CARLSBAD, Calif. (KGTV) – San Diego County officials met on Thursday at Carlsbad State Beach to announce that tar balls had been found at beaches in the area and in Oceanside.
"Lifeguards with the city of Carlsbad and Oceanside observed tar balls on their beaches,” San Diego County Supervisor Nathan Fletcher said.
County health officials also issued a public health advisory after the tar balls were found. The county acknowledged that there were reports of tar balls seen in Del Mar and Encinitas.
"It is concerning considering that this is our hometown, and we spend 90 percent of our time at the beach,” Tricia Taylor, a Carlsbad resident, said.
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This could happen naturally but, with the Orange County oil spill happening not too far away, there's a suspicion of where the tar balls originated from.
"It is very likely that these tar balls are a result of the oil spill,” Fletcher said.
But, that is not for certain. Fletcher said that crews are testing the tar balls to see if they originated from the Orange County spill.
“And while we’re operating out of an abundance of caution ... at this point, the health risks are unknown,” County Supervisor Jim Desmond said. “The message is clear — we should not have offshore drilling out for coastline in San Diego County.”
What the county is doing...
The county announced it would be activating its emergency operations center, which will continue to access monitor the situation and identify what additional steps would need to be taken.
"Today's a day none of us really wanted, but we got to deal with it now,” Desmond said.
In addition to the oil boom at the Santa Margarita River, it was also announced on Thursday that an oil boom will be placed near the Carlsbad Desalination Plant.
In a written statement, the plant said, in part, “The Carlsbad Desalination Plant continues to operate normally with no oil detected at the site, and there are no plans to shut it down.”
“If as a county, we felt that there was a public health threat or risk, then we would work in coordination with those. We’re not at that point today,” Fletcher said. “Even if its tar balls do trace back to the oil spill, which I think is highly likely, we declare a state of emergency, but that doesn’t immediately mean you would see beach closures.”
The county said in its public health advisory:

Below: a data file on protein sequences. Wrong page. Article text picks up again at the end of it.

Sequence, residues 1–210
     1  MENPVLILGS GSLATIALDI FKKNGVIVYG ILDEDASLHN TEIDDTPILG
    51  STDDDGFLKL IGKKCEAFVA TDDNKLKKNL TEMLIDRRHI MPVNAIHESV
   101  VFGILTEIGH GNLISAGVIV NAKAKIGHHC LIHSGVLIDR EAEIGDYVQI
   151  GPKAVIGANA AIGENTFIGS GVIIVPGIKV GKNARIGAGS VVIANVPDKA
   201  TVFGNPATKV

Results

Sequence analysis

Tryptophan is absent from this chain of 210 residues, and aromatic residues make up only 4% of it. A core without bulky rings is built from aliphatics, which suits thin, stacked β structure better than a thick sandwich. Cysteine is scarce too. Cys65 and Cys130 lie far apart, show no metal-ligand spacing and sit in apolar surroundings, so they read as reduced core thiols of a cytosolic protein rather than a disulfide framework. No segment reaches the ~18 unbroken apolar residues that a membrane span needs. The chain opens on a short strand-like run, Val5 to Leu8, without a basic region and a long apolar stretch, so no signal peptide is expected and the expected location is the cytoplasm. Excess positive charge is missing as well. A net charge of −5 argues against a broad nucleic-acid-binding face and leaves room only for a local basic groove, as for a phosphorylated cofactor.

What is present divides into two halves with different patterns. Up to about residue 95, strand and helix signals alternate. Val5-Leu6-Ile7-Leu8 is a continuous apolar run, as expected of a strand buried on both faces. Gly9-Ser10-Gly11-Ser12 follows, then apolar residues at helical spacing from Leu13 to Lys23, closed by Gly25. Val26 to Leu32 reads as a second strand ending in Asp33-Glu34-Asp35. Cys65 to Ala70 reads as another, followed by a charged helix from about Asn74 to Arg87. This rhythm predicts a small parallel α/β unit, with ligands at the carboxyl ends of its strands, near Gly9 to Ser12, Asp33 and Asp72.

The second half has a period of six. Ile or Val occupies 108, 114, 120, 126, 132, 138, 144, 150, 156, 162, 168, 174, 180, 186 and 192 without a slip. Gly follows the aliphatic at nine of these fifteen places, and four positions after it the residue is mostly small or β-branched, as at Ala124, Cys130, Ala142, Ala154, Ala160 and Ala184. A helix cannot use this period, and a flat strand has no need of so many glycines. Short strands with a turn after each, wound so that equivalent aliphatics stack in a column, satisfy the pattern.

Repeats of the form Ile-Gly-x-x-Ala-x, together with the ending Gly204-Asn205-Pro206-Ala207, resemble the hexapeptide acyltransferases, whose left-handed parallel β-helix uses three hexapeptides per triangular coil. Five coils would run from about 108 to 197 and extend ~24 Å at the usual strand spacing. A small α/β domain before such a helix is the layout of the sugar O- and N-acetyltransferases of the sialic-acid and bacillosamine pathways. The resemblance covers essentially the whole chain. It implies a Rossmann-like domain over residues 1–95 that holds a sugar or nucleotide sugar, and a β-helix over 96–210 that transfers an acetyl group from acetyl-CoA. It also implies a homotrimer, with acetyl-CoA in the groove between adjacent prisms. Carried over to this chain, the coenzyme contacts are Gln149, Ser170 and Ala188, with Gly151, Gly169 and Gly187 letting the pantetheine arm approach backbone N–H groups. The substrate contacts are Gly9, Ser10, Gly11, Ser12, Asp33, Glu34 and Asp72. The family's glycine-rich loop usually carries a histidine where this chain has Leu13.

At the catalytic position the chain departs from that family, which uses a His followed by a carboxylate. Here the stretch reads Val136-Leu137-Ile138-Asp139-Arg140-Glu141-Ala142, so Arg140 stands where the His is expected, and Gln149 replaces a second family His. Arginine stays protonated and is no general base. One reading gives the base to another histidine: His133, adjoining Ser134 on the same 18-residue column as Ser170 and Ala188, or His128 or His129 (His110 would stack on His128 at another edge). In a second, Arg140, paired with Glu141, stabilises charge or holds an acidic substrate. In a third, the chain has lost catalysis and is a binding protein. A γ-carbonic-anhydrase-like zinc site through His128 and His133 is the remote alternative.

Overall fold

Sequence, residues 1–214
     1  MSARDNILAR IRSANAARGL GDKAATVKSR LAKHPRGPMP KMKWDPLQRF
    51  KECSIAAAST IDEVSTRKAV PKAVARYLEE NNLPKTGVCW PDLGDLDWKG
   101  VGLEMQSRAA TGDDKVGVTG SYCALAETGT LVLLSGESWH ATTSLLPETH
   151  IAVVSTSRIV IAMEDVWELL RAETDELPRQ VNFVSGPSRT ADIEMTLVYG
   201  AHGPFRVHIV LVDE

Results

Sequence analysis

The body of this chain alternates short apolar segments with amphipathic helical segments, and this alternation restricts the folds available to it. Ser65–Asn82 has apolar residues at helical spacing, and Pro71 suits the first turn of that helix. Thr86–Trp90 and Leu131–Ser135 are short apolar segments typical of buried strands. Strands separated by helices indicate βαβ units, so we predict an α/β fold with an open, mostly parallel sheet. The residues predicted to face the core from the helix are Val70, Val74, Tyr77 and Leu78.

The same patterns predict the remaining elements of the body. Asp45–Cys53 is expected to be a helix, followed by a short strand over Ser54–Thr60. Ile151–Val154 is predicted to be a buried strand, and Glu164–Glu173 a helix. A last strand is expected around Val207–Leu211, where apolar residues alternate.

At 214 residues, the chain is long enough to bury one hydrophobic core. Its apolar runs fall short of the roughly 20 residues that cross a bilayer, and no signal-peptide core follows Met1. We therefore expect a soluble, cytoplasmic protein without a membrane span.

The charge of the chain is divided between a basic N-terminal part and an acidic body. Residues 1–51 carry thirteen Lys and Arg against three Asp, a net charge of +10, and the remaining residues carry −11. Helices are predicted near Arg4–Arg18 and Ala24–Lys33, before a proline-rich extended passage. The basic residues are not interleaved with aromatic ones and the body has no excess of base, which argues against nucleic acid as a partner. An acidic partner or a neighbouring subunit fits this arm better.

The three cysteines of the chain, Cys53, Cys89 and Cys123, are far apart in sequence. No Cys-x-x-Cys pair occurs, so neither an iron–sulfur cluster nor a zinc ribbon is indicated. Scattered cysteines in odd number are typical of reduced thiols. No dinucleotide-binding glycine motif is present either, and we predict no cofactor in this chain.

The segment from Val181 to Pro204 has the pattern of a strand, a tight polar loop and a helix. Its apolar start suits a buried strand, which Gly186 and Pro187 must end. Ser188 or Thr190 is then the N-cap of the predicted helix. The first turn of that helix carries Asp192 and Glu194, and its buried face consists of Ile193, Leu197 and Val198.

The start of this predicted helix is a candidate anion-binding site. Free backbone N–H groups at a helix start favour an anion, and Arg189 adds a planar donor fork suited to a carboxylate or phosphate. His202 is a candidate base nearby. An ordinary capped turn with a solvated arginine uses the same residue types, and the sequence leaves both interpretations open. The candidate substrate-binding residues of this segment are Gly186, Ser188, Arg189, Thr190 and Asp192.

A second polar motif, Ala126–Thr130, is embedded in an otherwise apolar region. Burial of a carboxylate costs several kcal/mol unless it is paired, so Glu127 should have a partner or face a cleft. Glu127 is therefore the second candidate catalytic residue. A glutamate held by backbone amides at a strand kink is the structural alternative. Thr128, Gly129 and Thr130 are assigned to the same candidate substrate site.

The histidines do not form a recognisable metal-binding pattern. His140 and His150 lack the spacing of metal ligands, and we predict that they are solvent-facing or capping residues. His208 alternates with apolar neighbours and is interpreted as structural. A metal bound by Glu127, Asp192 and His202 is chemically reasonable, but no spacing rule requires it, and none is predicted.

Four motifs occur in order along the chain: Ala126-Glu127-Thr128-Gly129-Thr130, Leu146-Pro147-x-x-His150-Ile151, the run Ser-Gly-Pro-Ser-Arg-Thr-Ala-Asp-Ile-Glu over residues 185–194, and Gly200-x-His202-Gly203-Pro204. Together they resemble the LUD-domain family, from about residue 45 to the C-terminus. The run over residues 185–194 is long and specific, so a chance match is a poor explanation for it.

“Although crude or processed oil can be carcinogenic and contact should be avoided, occasional brief contact is unlikely to cause significant or lasting health concerns for most people. However, some individuals are especially sensitive to certain chemicals which may be found in oil slicks or tar balls and may therefore develop skin rashes or other reactions as a result. If contact occurs, the body area should be thoroughly cleaned with soap and water or other skin-safe cleaners. Do not use degreasers, cleaning solutions or solvents as they may damage the skin further. If a significant rash or other reaction occurs, consult your primary care provider.”
Upcoming weather could impact the situation...
Alex Tardy, with the National Weather Service, said the storms this week could have had an impact on what’s floating around in the water.
"A lot of heavy rain -- which moved all over the ocean over the oil spill along the coast ... so that certainly can disrupt anything over the water let alone oil," said Tardy.
Tardy added that another round of storms that are expected to come next week could pose even more problems for the clean-up efforts.
"The big deal with that storm early next week is the wind. So recovery efforts this weekend and early next week will have to factor in that wind going over the ocean water," Tardy said.
For Vicki and Mike Larson, walking the beach and picking up trash is part of their routine in Carlsbad. But, over the last few days, they’ve noticed the increasing sign of the oil spill to the north.
“It's not good -- it's a naturally occurring substance, but we don't have to see an increase," said Mike Larson.